Weathering Life’s Storms

Boating isn’t all about the boat we’re in, at least not literally.  Many of us love the boating lifestyle because what some see as a recreation, we see as how we look at life everyday; not just on weekends.

But life isn’t always the fun ride we want. Some days (or even years in our current climate) make us struggle to find our direction or our “north star” to navigate the storms we face.

I saw a picture once which brought a story to my mind; a picture of an old time street cleaner:

…The elderly man shuffles down a deserted street, fatigue weighing on his slumped shoulders. The broom he pushes falls without ceremony to the ground as he grabs to his hat. Gusting wind sends old paper wrappers and an empty can clanking down the open street before it. Cigarette butts litter the sidewalk, mixed with confetti and slowly dying balloons.

The dampness from a recent rain brings up the musty smell of wet cardboard into the air, rising from the nearby alleyway clogged with old boxes and burdened with evidence of population overload.

Two days ago it was impossible to walk this same path without being jostled about by the crowd.

Not today. The parade passed by, the celebration complete.

Festivities of yesterday are now lifeless. The only celebration is another block to clean. One more day of work.

The gentleman picks up his broom from where it fell, adjusts his hat and starts the repetitive motion of pushing filth once again.

Sometimes work is just that. Work.

According to a Deloitte Shift Report, a whopping 89% of the workforce is not passionate about their jobs.

11% responded that they felt passionate about what they did for a living.

Only 11%. That’s unfortunate for certain.

I’ve tried finding passion a few times, but work got in the way.

So do many people whose passion is themselves; ones who pay for celebrating their self-serving enthusiasm at the expense of others.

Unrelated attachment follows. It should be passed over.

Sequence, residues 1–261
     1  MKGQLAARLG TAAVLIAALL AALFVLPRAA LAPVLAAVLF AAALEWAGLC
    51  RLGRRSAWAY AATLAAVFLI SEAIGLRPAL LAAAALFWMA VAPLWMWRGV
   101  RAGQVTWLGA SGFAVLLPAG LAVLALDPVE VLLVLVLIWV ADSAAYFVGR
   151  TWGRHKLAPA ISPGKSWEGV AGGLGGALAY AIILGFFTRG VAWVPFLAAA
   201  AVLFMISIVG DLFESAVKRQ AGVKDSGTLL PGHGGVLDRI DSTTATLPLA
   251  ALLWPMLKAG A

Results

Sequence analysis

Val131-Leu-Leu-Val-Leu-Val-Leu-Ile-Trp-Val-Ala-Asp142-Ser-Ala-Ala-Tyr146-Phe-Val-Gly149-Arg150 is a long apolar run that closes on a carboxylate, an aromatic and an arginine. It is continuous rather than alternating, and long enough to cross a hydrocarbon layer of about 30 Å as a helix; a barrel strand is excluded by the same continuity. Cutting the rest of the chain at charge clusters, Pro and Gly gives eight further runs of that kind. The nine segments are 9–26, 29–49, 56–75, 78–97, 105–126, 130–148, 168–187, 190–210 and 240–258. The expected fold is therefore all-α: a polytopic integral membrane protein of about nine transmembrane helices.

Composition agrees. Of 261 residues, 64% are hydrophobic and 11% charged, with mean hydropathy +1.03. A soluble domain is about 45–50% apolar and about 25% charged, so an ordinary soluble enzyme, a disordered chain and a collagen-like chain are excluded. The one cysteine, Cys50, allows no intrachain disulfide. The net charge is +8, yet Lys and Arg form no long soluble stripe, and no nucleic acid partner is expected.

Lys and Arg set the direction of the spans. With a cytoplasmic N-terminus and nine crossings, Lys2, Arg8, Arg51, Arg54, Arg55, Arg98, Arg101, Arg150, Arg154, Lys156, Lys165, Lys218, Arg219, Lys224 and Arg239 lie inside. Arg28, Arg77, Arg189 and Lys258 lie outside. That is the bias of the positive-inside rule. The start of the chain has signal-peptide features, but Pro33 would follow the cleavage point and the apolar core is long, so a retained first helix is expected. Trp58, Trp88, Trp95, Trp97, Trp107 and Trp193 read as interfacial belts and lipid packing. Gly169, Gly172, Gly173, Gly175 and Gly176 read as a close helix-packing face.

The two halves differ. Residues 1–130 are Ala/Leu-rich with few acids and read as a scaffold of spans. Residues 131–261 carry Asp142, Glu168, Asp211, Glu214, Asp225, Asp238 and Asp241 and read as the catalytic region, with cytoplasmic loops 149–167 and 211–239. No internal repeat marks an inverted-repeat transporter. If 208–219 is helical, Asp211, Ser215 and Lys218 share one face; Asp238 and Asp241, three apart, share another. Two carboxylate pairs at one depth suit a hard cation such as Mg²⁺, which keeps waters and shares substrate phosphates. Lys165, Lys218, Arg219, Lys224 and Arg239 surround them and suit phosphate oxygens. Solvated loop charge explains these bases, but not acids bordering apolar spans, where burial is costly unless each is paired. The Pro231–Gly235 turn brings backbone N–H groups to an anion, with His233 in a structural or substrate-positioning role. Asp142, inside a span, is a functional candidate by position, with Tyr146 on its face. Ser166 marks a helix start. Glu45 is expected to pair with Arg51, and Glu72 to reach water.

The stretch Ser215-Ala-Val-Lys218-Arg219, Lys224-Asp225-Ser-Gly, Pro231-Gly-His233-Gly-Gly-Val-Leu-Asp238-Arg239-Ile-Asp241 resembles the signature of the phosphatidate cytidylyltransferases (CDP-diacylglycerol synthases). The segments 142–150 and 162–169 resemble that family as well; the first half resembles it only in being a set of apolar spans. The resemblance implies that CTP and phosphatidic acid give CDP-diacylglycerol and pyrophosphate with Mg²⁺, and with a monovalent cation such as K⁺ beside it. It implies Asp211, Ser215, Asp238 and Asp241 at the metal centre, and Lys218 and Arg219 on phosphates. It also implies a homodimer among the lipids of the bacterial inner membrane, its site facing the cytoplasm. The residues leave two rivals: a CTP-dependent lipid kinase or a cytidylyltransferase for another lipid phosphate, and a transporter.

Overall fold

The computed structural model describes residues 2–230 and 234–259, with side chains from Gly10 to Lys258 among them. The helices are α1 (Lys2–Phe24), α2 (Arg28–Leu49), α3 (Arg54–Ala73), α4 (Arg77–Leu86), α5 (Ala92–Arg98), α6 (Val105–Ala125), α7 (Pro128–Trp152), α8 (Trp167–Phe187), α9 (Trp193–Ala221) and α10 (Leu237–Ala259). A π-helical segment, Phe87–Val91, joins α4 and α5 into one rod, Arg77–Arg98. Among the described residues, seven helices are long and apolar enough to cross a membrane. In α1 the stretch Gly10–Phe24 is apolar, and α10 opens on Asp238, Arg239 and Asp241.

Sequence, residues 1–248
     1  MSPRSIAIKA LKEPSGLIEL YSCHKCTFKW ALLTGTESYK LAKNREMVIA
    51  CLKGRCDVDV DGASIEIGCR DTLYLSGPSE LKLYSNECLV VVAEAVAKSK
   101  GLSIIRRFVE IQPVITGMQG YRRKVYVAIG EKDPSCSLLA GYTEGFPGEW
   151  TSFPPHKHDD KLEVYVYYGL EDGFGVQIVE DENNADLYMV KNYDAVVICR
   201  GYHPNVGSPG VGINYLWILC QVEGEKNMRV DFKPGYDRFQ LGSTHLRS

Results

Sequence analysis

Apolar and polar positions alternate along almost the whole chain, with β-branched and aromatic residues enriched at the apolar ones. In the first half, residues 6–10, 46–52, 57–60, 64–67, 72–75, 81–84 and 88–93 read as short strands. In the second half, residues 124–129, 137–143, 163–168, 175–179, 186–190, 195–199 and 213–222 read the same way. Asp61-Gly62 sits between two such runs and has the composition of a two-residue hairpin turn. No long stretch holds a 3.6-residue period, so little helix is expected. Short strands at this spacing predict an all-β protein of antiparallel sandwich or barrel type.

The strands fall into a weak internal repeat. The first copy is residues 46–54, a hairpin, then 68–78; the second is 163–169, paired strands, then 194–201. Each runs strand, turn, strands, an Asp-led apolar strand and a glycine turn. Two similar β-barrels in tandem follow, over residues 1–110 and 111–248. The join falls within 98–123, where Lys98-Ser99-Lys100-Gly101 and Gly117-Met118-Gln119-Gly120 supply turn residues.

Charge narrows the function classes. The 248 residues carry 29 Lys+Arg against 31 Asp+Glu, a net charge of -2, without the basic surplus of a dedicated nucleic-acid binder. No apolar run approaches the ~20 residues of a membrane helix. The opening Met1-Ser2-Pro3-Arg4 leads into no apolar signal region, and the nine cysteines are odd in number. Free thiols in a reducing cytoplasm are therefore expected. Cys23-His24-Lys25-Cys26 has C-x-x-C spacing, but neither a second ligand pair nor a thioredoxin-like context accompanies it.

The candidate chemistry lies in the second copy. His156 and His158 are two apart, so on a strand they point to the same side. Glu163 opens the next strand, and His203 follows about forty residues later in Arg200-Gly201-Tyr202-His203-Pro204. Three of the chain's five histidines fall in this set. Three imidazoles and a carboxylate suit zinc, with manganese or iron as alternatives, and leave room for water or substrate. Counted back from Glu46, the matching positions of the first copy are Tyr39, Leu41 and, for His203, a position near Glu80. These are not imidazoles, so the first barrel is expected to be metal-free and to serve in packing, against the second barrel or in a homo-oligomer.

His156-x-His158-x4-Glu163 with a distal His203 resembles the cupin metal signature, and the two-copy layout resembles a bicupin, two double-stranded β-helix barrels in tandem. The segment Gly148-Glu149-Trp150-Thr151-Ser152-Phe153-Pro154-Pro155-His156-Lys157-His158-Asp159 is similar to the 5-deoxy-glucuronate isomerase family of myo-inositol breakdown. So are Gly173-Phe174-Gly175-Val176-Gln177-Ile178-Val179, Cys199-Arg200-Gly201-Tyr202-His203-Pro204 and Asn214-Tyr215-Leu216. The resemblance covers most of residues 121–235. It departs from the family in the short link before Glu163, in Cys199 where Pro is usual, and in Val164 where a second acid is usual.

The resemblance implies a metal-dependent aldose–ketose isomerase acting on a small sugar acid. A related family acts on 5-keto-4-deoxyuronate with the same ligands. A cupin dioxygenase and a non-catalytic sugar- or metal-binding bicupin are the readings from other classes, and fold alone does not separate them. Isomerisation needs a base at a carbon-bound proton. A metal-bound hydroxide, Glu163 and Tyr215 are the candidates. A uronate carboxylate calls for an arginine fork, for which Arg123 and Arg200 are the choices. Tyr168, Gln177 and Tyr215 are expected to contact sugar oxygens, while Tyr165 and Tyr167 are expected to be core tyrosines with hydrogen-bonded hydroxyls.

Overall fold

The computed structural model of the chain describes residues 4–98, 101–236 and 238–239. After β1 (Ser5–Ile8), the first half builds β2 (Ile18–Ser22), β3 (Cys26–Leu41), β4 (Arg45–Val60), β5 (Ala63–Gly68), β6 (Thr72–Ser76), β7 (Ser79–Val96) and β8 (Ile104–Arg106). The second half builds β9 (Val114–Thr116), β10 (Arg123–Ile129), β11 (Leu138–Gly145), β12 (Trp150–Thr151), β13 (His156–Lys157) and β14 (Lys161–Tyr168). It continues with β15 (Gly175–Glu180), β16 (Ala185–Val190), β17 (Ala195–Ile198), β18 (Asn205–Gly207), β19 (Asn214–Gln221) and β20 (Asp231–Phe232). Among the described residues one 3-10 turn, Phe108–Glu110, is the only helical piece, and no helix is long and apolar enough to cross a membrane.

And they step on my dreams in the process. But they must deal with that karma not me.

Still, I search regularly for this elusive passion; holding onto promise that my foundation for tomorrow’s work is strong in desire and not necessity.

I need this hope to energize my spirit. Many days I wander out to find pictures to take for my photo website:

To relax, I take pictures and reflect on the moments they capture, writing the story spoken through my viewfinder. I use the memories of frozen pixels as a handhold to lift me from the struggles of today into the hopefulness of tomorrow.

I see the storms of life and know they too shall pass, bringing a powerful sunset and the refreshing calmness that follows a summer downpour.

I stare into the flat waters and see the clouds reflection moving to their next adventure.

My mind travels with them, lost in dreams of knowing the same peaceful feeling.

And along the parade route, the street sweeper continues to push his broom, knowing the next parade will someday come and go with celebration and fanfare. With it brings his work. Maybe his personal pride in a job well done in enough for him.

I will continue to find the reflections of optimism in the pictures I take and we will both wake tomorrow with a renewed sense of purpose.

Heading back to the boat now to reflect on how the next storm offers challenges and opportunities, not just a lot of rain.

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My father helped me restore an old wooden boat when I was in Junior High School, then taught me how to sail it. I was hooked forever. The other gift he provided was a love of cooking, which I've tried to build upon over the years. I've spent most of my life owning a boat of some kind or another from dinghy's to larger sailing and motor vessels. I enjoy sharing my love of water and my love of cooking with fellow travelers who have a like-mindedness. I believe life is difficult enough, so why not help lift others up whenever possible; share a smile and a good story every now and then.

M/V DreamChaser 40ft Marine Trader Sundeck

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